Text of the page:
There are many digital financial products on the market; some of them excel, while others lack demand and have to fight for their survival. What determines whether a financial product succeeds or fails? And how can one be sure that the millions invested in building such a product won't go to waste? Particular aspects seem to dictate the product’s faith. All of them are related to proper financial design integration into all levels of the company. Unfortunately, most often, these factors go unnoticed, ignored or are ruled insignificant, leading to a painful fiasco. How can you use DesignOps to amplify the value and impact of design in your financial organization?
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The more customers' expectations grow, the more they make purchase decisions based on the customer experience they get. The study conducted by Forrester Consulting on behalf of CSG shows that the main consequences of failing to deliver a positive CX are:
- Decreased customer retention (60%)
- Decreased sales (57%)
- Loss of company revenue (57%)
- Poor brand image (50%)
Companies now collect a huge amount of data about their customers, but they rarely know how to use it to improve service and CX. To provide the best possible CX within their service and products, companies must integrate a design-driven approach and user-centered thinking into their business processes, and DNA, as Apple does.
There's a common mistake many financial institutions and companies make. You might feel like everything is under control and going smoothly─the team is working, building the product, you have the technological support and financing... what can go wrong? A lot can go wrong, big time.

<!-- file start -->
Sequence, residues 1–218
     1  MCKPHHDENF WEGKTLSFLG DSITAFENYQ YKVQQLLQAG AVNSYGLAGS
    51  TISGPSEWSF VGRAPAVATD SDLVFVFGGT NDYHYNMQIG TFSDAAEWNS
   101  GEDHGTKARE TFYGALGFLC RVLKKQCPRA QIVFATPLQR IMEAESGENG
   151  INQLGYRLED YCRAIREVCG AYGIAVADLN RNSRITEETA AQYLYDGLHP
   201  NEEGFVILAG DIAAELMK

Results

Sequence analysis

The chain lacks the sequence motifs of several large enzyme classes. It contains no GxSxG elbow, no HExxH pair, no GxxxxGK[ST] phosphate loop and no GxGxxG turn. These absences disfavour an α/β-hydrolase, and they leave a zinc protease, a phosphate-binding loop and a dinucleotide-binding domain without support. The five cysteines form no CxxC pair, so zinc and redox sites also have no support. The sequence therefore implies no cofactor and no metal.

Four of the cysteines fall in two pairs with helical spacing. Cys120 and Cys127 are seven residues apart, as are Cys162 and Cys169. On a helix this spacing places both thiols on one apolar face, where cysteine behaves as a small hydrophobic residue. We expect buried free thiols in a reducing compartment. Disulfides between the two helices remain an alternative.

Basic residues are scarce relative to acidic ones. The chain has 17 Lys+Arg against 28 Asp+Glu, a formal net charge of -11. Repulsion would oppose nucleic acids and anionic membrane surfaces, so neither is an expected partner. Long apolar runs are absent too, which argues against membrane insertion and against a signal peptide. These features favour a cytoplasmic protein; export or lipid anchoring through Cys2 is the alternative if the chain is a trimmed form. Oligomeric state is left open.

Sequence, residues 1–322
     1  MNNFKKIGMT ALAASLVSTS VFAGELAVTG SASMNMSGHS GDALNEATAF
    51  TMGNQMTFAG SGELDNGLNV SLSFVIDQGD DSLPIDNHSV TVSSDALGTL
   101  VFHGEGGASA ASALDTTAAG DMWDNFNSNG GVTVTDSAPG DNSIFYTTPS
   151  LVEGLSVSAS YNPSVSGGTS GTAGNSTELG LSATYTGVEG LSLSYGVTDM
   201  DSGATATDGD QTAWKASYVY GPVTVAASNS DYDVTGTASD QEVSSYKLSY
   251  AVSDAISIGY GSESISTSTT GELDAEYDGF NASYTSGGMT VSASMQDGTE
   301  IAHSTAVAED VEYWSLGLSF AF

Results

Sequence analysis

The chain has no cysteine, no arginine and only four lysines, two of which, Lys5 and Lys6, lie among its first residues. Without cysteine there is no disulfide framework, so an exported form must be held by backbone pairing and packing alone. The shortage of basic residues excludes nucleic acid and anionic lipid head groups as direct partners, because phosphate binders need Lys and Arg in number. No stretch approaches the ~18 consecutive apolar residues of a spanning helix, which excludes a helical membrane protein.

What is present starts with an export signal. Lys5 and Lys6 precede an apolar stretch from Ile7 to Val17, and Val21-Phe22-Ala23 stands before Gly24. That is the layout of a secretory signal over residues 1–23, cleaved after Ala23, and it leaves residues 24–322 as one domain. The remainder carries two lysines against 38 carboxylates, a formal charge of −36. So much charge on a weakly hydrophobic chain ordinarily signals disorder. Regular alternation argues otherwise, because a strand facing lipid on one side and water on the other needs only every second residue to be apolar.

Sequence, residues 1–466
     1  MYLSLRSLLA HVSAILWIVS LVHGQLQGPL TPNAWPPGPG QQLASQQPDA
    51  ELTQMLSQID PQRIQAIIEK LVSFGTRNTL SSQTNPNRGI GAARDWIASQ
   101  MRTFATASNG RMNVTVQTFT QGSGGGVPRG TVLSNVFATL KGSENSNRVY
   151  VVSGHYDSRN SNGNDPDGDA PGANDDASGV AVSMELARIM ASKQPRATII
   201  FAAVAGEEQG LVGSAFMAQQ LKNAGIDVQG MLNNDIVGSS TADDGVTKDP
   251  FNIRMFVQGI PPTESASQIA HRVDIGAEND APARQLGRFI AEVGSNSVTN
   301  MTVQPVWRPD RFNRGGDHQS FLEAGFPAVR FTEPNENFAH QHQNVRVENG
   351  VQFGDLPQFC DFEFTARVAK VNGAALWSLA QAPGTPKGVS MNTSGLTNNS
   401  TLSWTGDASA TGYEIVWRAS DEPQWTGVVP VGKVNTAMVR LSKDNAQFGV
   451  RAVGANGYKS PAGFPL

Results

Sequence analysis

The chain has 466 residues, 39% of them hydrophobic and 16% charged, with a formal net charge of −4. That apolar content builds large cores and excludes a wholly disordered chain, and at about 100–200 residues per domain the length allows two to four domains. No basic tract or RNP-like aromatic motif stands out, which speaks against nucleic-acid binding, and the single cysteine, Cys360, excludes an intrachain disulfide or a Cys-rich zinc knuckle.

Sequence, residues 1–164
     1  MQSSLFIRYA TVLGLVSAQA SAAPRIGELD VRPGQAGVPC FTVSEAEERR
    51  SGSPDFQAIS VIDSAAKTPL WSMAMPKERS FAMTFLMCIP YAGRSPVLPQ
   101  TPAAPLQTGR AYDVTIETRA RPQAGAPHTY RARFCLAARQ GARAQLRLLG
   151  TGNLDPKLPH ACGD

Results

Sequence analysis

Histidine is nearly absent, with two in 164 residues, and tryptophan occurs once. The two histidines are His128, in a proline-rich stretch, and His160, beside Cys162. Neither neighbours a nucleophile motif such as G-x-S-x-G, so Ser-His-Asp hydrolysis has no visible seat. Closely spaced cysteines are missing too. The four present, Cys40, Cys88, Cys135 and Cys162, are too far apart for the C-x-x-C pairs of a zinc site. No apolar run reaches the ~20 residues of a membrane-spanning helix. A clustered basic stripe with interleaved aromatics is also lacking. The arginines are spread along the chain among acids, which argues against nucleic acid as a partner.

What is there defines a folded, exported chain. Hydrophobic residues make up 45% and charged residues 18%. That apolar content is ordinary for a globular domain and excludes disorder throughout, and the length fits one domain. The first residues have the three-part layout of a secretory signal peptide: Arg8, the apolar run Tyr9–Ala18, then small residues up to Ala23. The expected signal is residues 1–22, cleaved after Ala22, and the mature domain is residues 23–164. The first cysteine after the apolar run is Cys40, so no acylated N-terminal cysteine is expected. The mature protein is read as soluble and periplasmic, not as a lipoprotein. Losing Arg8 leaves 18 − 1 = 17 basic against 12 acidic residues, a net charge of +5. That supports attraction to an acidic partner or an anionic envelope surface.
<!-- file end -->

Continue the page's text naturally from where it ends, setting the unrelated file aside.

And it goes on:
In many cases, incorrect design integration in the process of financial product creation has led to harmful consequences. The financial product lacks demand in the market, gets rejected by the users, exceeds the development budget or doesn't even get launched at all.
This remains a huge risk for any company that doesn't integrate user-centered thinking at all levels, starting from the inner culture and ending with all processes and operations.
But what does that even mean, and how can you achieve that? We want to share UXDA's financial UX methodology approach that has helped different financial institutions implement customer-centered design processes to develop successful and well-demanded digital products.
In a series of articles, we will continue to guide you through UXDA’s award-winning financial design methodology and share specific tips and tricks for instant implementation. This is the second article in a series in which we reveal the three key mechanisms that have led more than 100 financial products to success. We have already introduced you to the Product Value Pyramid; now we move on to the Pyramid of Financial Design Integration.
What is DesignOps and Why Do Financial Institutions Need It?
The term "Design Ops" was introduced in 2014 by Dave Malouf, author of the «What Is DesignOps?» book. Dave Malouf define DesignOps meaning as the grease, rails, and engine that make design processes, methods, and craft as valuable as possible. And according to "DesignOps Handbook", it's everything that supports high-quality design crafts, methods, and processes. In general, DesignOps (aka Design Ops) include customer-centered digital product design processes and design thinking for problem-solving.
Based on the above, we get the definition of DesignOps as a system of operations and processes that amplify the value and impact of design in a financial organization, increasing its customer-centricity and creativity. DesignOps practice is essential for large financial organizations that deliver digital product and service.